Moderate Democrats who were alarmed by the prospect of self-described democratic socialist Bernie Sanders winning the nomination returned to the Capitol Wednesday with a newfound spring in their step, celebrating Joe Biden's come-from-behind victories on Super Tuesday

The mood among Democrats from swing districts and red states wavered between relief, surprise and giddiness after Biden won 10 out of the 14 states and put the brakes on Sanders' march to the Democratic nomination. Democrats in down-ballot races used words like "cloud nine," "euphoria" and "unprecedented" to describe Biden's stunning turnaround.

Rep. Tom Malinowski defeated Republican incumbent Leonard Lance in a New Jersey swing district.

“I think a lot of people are relieved that we have a candidate and it’s somebody who has now demonstrated that he can unify disparate elements of the Democratic Party and attract disaffected Republicans," said Rep. Tom Malinowski, D-N.J., a swing district Democrat who endorsed Biden.


Another moderate Democrat who had been sounding the alarm that a Sanders' nomination could cost Democrats the House was joyful Wednesday.

"We got a little bounce in our step," said the Democrat from a swing district, who asked for anonymity to speak freely. "We went in last night thinking that it's going to be a tough night, and we came out on cloud nine.”

Rep. Donna Shalala, D-Fla., flipped a red district in 2018 and helped win the House majority for Democrats.

Rep. Donna Shalala, a freshman rep who flipped Florida’s 27th district from red to blue in 2018, said Biden’s comeback was “pretty spectacular.” She was convinced Sanders couldn't be the nominee because of his embrace of socialism and his kind words for Fidel Castro's dictatorship.

“I kept I keep saying to my friends, Bernie is not going to be our candidate. My district is so anti-Bernie because of his position on Cuba and Venezuela, Nicaragua, and everything else,” Shalala said.


"We weren't quite freaking out but we were concerned,” Shalala said of swing-district Democrats. “He was not popular in our districts. In my district in South Florida, he was very unpopular. My district is 70 percent Hispanic. Most people came from one of those countries that he likes."

Several Democrats described the last few days as a roller coaster ride. On Wednesday, they were in happy disbelief that Sanders' momentum to the nomination had been thwarted.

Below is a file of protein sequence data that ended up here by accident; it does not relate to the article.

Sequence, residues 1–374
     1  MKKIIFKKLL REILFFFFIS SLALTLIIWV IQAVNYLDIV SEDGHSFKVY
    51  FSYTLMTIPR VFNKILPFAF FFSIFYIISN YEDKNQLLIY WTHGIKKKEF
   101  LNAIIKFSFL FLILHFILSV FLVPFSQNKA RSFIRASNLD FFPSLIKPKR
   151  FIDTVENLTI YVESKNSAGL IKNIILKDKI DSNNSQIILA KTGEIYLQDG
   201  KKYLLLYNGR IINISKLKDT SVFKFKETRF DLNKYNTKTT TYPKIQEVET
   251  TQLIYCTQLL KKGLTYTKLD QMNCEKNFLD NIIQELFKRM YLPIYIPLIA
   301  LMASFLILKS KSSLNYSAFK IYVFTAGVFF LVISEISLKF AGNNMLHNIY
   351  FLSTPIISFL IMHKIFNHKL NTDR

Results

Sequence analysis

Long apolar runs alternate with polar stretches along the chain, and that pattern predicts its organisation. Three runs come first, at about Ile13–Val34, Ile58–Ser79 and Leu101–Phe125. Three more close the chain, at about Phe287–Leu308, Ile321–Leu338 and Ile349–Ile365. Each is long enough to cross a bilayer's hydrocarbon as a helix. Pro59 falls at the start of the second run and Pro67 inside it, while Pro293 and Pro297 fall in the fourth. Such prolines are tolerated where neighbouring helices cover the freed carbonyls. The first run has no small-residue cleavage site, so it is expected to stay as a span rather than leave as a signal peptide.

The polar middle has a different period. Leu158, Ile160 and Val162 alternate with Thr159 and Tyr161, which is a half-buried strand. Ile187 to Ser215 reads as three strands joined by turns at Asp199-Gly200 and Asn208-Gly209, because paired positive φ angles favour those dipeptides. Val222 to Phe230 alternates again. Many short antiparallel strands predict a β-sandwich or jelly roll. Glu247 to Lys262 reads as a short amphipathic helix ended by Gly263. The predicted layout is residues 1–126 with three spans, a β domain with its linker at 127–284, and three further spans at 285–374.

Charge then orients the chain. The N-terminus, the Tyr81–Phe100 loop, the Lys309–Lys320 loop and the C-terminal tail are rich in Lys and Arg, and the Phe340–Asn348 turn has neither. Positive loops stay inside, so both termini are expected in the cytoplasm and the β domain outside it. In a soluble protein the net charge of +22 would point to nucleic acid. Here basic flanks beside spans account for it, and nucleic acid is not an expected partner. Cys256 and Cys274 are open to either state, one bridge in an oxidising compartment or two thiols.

Rep. Emanuel Cleaver, D-Mo, addresses the crowd before a rally by Michelle Obama, wife of Democratic presidential candidate Sen. Barack Obama, D-Ill., in Kansas City, Mo. Wednesday, Oct. 1, 2008. (AP Photo/Charlie Riedel)

Rep. Emanuel Cleaver, D-Mo.

Rep. Emanuel Cleaver, D-Mo., said many House Democrats Wednesday have feelings of  “elation [and] euphoria. I think people actually are more fired up today than they were maybe since Obama won South Carolina,"  said Cleaver, who credited Rep. Jim Clyburn's pivotal endorsement of Biden before the South Carolina primary for changing the tide.

"I think people are just elated," Cleaver added. "That will help ignite turnout. Every time you win, it creates the possibility of another win. And there is nothing more powerful in football and in politics than momentum.”

Biden lost Iowa, New Hampshire and Nevada and his campaign was on the brink of collapse until his firewall held in South Carolina. He trounced Sanders Saturday in South Carolina, 48 to 20 percent, with the strong support of African-American voters.

Then Pete Buttigieg and Amy Klobuchar dropped out and threw their support behind Biden, who picked up a string of other endorsements over the weekend. Heading into Super Tuesday, more moderate and establishment Democrats began to unite around Biden as their candidate -- sending a powerful message to voters on the fence that "this is our guy."

Sanders' supporters Wednesday found some bright spots -- namely winning the big delegate prize of California and building up support among Latino voters.


But some faulted the so-called Democratic establishment for speaking out against Sanders in scary terms and "fear-mongering."

“I do think that the fear of a [continued] Donald Trump presidency was weighing heavy on everybody,” Rep. Pramila Jayapal, D-Wash., said. "There was a lot of -- I would call it -- fear-mongering from some people who have power and platform to say Bernie Sanders will ... somehow destroy our country or destroy our House majority. I think people for real reasons had to make a decision and they took that into account and they voted.”

Jayapal, a Sanders backer, faulted unnamed party leaders for scaring off voters and warned it could actually backfire on Democrats. "I also think it just shows a lack of leadership and, honestly, a lack of imagination to use those kinds of tactics."

President Trump, skilled at riling up dissension, has taken to calling the Democrats' efforts to stop Sanders a "coup."

While Sanders' allies won't go that far, they acknowledge people in power are working against the Vermont senator.

Rep. Rashida Tlaib, D-Mich., is a Sanders backer.


Asked if the Super Tuesday result was a rebuke of Sanders and socialism, Rep. Rashida Tlaib, D-Mich., said “I don’t think it has anything to do with 'isms. I actually think it has a lot to do with people that make decisions that already have power."

Tlaib, a Sanders backer, said "I wouldn’t call it a coup ... but it makes me want to work harder.”

The next big test will be on Tuesday when Michigan, Idaho, Mississippi, North Dakota, Missouri and Washington state hold elections.